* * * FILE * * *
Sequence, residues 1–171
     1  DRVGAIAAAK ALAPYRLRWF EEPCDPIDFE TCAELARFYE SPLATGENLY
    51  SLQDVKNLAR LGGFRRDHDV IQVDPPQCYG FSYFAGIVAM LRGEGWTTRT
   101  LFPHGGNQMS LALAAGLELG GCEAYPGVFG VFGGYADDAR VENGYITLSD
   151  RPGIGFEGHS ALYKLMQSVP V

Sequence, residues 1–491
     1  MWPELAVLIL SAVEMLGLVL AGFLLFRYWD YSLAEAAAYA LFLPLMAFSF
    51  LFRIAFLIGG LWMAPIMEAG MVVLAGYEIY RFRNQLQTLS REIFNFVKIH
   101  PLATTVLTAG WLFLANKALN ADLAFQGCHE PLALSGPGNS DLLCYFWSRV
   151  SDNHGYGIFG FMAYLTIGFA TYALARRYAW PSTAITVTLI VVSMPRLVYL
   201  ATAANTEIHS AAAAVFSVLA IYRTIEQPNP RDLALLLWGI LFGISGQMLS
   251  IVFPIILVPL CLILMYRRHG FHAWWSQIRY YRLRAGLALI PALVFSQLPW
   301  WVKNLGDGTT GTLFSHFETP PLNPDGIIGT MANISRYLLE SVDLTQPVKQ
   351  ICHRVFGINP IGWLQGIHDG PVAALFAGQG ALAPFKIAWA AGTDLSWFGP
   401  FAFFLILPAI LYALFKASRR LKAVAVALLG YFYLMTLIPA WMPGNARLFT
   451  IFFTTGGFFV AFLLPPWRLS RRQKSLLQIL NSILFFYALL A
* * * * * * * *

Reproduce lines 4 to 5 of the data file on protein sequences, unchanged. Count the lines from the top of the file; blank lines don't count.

   101  LFPHGGNQMS LALAAGLELG GCEAYPGVFG VFGGYADDAR VENGYITLSD
   151  RPGIGFEGHS ALYKLMQSVP V